THE public need to be made more aware of the signs of modern day slavery and human trafficking and the reporting mechanisms available in order to raise the amount of convictions, said West Yorkshire’s Police Crime Commissioner (PCC).
Mark Burns-Williamson was speaking at a national meeting for Human Trafficking Network Co-ordinators held at the University of Huddersfield.
Held under the banner of the University’s multi-disciplinary Secure Societies Institute, Dr Maria Ioannou, SSI’s Assistant Director, and Dr John Synnott, Senior Lecturer in Investigative and Forensic Psychology, hosted delegates at the forum from across the UK. The key-note speaker was Mr Burns-Williamson, who created the National Anti-Trafficking and Modern Slavery Network in 2016.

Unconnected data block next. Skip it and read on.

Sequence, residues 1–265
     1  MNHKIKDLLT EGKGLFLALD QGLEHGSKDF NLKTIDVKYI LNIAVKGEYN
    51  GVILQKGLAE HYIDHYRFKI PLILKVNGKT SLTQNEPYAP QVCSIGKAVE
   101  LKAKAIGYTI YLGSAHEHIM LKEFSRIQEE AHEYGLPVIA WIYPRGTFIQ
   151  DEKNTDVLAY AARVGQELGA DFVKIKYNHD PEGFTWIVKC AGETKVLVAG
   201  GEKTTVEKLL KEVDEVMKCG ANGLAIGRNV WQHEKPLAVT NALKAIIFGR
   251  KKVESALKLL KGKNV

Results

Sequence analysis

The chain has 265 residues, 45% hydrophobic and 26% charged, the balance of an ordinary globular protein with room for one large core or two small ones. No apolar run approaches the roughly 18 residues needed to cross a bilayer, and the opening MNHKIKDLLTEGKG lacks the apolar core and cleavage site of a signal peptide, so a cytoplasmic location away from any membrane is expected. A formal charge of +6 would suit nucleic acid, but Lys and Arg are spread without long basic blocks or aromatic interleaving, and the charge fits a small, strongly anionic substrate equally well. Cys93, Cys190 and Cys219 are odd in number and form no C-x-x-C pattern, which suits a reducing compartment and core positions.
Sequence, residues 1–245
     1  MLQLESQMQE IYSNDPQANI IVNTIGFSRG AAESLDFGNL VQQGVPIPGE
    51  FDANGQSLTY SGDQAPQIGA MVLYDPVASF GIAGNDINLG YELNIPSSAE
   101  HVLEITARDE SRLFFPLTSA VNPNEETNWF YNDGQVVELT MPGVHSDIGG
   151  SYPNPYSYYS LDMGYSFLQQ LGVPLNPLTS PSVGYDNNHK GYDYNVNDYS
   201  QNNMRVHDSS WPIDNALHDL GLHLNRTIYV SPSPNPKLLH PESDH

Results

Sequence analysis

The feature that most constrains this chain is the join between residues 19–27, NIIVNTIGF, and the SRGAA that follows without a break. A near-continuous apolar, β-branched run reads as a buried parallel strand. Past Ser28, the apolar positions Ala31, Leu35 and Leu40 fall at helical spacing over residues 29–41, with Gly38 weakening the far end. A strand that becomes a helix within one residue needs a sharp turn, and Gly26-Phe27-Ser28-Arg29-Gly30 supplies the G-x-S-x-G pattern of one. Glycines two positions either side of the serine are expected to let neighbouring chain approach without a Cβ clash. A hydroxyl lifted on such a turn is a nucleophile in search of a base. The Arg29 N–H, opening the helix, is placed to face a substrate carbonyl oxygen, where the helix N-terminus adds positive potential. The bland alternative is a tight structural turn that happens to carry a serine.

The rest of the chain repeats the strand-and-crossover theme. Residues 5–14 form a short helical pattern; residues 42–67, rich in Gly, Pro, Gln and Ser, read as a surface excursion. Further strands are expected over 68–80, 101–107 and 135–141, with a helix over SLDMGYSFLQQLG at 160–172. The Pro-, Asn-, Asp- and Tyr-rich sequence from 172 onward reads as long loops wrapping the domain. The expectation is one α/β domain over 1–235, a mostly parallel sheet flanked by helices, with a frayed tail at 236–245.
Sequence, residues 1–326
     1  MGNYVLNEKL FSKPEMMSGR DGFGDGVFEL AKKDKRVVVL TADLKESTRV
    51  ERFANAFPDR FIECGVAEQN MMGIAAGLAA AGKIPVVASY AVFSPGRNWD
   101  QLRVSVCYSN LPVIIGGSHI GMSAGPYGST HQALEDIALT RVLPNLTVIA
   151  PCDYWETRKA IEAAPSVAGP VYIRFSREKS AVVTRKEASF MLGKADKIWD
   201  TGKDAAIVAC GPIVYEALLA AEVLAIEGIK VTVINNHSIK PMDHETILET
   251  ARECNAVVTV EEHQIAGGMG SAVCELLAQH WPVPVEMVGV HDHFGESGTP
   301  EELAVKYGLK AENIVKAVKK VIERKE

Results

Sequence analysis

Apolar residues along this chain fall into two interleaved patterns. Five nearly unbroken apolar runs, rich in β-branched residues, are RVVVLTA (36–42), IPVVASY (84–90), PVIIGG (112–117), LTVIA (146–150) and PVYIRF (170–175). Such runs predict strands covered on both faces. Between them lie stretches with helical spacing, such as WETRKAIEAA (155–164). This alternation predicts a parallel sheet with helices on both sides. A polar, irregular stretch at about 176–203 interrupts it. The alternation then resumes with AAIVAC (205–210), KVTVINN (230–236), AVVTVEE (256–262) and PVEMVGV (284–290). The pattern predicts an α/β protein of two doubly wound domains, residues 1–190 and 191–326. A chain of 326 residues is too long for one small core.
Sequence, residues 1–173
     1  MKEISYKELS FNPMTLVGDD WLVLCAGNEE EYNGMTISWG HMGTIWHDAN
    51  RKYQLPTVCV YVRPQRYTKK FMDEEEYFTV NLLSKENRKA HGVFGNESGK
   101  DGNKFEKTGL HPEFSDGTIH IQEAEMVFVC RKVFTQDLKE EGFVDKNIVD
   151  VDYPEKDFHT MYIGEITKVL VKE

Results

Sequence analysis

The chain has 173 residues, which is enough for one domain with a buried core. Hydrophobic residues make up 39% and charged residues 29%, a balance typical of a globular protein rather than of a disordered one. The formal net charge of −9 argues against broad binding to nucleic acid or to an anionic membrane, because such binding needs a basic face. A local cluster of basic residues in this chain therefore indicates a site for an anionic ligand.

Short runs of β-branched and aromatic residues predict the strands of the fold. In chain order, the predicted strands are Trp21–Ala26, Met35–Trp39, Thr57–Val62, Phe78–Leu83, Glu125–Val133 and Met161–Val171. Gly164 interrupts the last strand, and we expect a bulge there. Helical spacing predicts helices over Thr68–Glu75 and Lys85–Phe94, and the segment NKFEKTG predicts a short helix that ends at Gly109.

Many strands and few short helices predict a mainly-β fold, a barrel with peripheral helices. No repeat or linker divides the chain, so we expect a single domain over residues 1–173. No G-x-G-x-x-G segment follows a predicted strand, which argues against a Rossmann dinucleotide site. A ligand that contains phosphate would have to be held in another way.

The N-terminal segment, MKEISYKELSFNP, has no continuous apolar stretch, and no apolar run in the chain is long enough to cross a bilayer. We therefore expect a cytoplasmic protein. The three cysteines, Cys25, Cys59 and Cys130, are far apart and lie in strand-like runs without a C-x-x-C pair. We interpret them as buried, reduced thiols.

The public still needed to be reminded of the reporting mechanisms available in order to raise the amount of convictions
In his address he outlined his offices response and commitment to tackling the issue of Human Trafficking and Modern Slavery.
Mr Burns-Williamson told the delegates that although awareness of modern day slavery and human trafficking was increasing, the public still needed to be reminded of the signs to look out for and how to report suspicious activity if the number of convictions was to rise.
Dr Ioannou and Dr Synnott had both worked closely over a number of months with representatives from the Police and Crime Commissioners Office for West Yorkshire, Hope of Justice Charity and the National Human Trafficking Foundation to bring the event to Huddersfield.
In attendance were senior figures in the police, co-ordinators of the regional response teams and charities against human trafficking.
Dr Ioannou in her capacity as Institutional Lead on Human Trafficking and Modern Slavery gave a warm welcome to the delegates to get the meeting under way.